It has been billed as the summit that could help save the planet, but the latest United Nations climate change conference on the paradise island of Bali has itself become a major contributor to global warming.
Calculations suggest flying the 15,000 politicians, civil servants, green campaigners and television crews into Indonesia will generate the equivalent of 100,000 tonnes of extra CO2. That is similar to the entire annual emissions of the African state of Chad.
When it was first conceived, only a few thousand politicians civil servants and environmentalists were expected to attend the conference - about normal for such an event.
The meeting, which runs from December 3-14, aims to create the framework for a successor to the Kyoto treaty on reducing global greenhouse gas emissions, which expires in 2012.
However, climate change's growing political importance has led to a surge in interest in the conference, which is being held in the luxury holiday resort of Nusa Dua on Bali's palm-fringed southern coast.
Attendees are expected to include celebrities such as Leonardo DiCaprio, the actor, as well as Arnold Schwarzenegger, governor of California, and Al Gore, the former US vice-president.
Many are merely "observers" who have no formal role to play in the talks, which largely involve government ministers and officials. Among these observers are 20 MEPs and 18 assistants whose itinerary includes a daytrip to the idyllic fishing and surfing village of Serangan.
The UN has also recently received thousands of new registrations from groups campaigning for the environment or fighting against poverty. WWF, one of the largest, is sending more than 32 staff to the meeting.
Thousands more are coming from businesses, especially the burgeoning carbon trading sector, which already carries out global transactions worth ?12 billion a year and has an acute interest in the outcome of Bali.
Indonesian officials say the final tally could reach 20,000 - and fear it could stretch the resort's infrastructure to the limit. About 90% of the emissions will be generated by delegates flying thousands of miles to Bali, with the rest coming from the facilities they will be using.
Chris Goodall, a carbon emissions expert who did the calculations for The Sunday Times, estimated that each person flying to Bali would, on average, generate the equivalent of 6.48 tonnes of CO2. If 15,000 people attend, this adds up to over 97,000 tonnes of CO2. To this must be added about 13,000 tonnes of CO2 from the conference venue and hotels - a total of 110,000 tonnes.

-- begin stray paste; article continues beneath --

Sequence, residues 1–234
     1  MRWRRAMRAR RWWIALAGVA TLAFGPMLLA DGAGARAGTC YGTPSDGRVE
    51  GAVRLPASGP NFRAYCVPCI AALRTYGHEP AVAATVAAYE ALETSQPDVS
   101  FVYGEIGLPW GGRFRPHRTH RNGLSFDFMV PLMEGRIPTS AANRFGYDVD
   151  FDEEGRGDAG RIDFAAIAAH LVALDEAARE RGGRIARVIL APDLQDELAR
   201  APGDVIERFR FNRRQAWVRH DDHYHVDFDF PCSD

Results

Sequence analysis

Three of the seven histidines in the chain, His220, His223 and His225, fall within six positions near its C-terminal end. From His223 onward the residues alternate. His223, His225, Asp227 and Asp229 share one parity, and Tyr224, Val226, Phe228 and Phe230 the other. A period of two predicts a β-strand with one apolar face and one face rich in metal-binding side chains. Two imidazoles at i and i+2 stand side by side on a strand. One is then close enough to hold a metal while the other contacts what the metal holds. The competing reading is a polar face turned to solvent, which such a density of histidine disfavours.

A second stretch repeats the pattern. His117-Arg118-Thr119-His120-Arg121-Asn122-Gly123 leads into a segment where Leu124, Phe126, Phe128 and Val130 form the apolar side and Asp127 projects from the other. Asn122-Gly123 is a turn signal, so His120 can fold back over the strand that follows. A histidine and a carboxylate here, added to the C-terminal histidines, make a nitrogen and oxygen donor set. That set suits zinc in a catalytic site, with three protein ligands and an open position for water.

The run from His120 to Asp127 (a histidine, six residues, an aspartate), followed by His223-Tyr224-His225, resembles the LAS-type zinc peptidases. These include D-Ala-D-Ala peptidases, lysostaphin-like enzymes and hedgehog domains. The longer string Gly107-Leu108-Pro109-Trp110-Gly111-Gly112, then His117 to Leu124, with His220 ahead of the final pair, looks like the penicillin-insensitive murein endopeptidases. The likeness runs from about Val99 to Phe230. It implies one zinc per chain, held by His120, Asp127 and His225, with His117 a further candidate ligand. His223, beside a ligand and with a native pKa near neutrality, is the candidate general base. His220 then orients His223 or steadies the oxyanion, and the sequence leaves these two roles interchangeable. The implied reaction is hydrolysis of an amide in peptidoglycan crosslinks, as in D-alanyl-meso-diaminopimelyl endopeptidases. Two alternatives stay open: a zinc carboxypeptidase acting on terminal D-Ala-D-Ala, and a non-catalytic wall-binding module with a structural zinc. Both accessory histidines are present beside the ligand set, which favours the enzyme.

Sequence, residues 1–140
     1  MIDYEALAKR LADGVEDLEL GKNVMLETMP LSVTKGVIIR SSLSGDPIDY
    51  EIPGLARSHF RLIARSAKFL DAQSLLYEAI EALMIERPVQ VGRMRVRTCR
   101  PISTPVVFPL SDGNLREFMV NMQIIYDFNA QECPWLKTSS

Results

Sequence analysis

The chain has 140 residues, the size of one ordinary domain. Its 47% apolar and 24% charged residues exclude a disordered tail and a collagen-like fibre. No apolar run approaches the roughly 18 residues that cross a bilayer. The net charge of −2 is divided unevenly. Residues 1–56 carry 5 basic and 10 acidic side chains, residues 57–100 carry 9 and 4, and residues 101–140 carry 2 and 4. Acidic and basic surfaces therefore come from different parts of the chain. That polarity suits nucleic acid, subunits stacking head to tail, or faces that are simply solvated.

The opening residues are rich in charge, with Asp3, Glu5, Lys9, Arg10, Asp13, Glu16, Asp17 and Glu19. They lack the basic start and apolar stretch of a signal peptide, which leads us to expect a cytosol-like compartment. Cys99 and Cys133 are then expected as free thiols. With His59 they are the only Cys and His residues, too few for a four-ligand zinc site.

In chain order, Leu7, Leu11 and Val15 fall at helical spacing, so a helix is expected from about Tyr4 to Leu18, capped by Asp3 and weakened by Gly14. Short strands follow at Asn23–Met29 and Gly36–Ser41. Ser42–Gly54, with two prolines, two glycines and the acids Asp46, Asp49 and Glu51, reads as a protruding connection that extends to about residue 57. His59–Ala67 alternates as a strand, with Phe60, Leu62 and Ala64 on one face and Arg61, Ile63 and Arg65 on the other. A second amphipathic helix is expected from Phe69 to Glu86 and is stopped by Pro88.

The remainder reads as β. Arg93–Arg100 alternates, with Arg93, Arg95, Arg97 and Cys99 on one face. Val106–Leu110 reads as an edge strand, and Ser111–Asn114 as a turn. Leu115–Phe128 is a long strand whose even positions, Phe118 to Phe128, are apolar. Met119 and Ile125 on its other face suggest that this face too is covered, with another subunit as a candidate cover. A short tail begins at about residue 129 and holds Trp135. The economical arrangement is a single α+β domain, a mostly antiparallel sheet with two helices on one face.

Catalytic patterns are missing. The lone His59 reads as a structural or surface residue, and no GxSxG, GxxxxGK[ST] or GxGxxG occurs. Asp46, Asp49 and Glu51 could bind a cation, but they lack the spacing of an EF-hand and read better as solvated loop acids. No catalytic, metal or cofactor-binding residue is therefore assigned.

Goodall, author of How to Live a Low-Carbon Life, said: "One wonders how many people would have gone if the conference had been held in a wet October in Pittsburgh."
The preparations are acquiring the feel of a huge party, with the Indonesian government seeing it as a chance to revive Bali as a tourist destination after terrorist bombings in 2002 and 2005 saw visitor numbers plummet.
Britain has tried to ensure its delegation is one of the smallest among the leading developed nations. Three ministers - Hilary Benn, the environment secretary, Phil Woolas, junior environment minister, and Gareth Thomas, junior minister for international development - will attend accompanied by about 40 civil servants.
Woolas, however, is still embarrassed by the increasing scale and opulence of such gatherings. "It's like a circus," he said. "It's not just Bali. There are now more than 500 environmental treaties and conventions taking place around the world. It's a morass of Byzantine proportions. The UN oversees world governance on these issues and we urgently need to streamline it."
Three ministers in the British delegation are staying in ?330-a-night suites at the Westin Resort Nusa Dua hotel, each with their own bedroom, living room and dining room. Such apparent luxury is justified, say aides, by their need for somewhere to hold private meetings.
One of the biggest delegations is being assembled by the European Union, which is expected to send Stavros Dimas, the environment commissioner, and 90 officials. In addition, all 27 EU countries are expected to send separate national delegations. Germany has one of the biggest, with around 70, and France follows close behind with 50. Even Latvia will be represented by four delegates, while Malta, an island populated by 400,000, will have two.
The emissions from Bali, although huge for such an event, remain small on a global scale. Britain, for example, emits the equivalent of 660m tonnes of CO2 a year. Achim Steiner, director of the UN Environment Programme, said such conferences could never be small. "If you want to tackle an unprecedented global challenge like climate change then people have to meet and talk. Bali remains the world's best hope to minimise the effect of global warming." ( Times )